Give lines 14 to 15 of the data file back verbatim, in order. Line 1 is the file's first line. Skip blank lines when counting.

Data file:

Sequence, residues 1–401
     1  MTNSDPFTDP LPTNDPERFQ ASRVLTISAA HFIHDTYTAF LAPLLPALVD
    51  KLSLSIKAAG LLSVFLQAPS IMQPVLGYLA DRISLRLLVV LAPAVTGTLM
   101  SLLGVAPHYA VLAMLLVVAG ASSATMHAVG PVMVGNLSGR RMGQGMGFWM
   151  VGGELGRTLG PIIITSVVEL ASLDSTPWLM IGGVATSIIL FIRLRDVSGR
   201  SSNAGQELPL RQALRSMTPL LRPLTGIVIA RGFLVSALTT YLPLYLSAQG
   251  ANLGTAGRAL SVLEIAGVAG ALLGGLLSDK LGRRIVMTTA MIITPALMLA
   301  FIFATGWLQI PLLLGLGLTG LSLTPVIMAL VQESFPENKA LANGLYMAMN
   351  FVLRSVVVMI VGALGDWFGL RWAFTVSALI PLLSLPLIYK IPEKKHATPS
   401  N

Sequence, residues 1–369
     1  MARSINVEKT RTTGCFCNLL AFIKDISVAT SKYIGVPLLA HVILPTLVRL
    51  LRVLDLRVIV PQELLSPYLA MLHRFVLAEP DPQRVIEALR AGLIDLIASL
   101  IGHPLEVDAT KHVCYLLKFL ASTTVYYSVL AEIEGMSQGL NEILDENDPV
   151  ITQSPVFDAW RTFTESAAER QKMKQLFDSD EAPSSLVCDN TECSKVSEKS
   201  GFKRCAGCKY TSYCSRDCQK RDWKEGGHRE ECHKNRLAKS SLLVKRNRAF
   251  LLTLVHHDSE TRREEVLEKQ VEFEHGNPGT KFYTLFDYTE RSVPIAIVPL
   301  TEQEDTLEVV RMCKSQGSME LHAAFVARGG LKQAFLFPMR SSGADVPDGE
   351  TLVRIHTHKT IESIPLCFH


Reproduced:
   101  IGHPLEVDAT KHVCYLLKFL ASTTVYYSVL AEIEGMSQGL NEILDENDPV
   151  ITQSPVFDAW RTFTESAAER QKMKQLFDSD EAPSSLVCDN TECSKVSEKS